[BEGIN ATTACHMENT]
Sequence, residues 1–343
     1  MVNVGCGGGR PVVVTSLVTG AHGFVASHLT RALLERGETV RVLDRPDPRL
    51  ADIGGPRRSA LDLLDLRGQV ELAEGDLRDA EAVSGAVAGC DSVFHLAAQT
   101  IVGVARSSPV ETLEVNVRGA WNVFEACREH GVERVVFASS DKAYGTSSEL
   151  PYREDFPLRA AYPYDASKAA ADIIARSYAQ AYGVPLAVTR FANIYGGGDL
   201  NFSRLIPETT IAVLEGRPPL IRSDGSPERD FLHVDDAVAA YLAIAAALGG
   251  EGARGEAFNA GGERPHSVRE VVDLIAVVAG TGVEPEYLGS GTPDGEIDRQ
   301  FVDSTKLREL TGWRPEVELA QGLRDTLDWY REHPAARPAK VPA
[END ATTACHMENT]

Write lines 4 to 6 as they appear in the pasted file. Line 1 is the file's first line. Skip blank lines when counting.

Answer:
   101  IVGVARSSPV ETLEVNVRGA WNVFEACREH GVERVVFASS DKAYGTSSEL
   151  PYREDFPLRA AYPYDASKAA ADIIARSYAQ AYGVPLAVTR FANIYGGGDL
   201  NFSRLIPETT IAVLEGRPPL IRSDGSPERD FLHVDDAVAA YLAIAAALGG